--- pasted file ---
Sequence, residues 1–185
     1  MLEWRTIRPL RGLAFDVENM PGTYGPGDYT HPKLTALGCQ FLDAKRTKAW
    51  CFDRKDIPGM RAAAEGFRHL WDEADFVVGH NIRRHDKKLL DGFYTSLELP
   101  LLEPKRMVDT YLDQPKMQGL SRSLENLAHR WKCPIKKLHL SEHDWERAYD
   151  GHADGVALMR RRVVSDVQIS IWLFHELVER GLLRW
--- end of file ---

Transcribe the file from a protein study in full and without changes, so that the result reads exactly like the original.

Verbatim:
Sequence, residues 1–185
     1  MLEWRTIRPL RGLAFDVENM PGTYGPGDYT HPKLTALGCQ FLDAKRTKAW
    51  CFDRKDIPGM RAAAEGFRHL WDEADFVVGH NIRRHDKKLL DGFYTSLELP
   101  LLEPKRMVDT YLDQPKMQGL SRSLENLAHR WKCPIKKLHL SEHDWERAYD
   151  GHADGVALMR RRVVSDVQIS IWLFHELVER GLLRW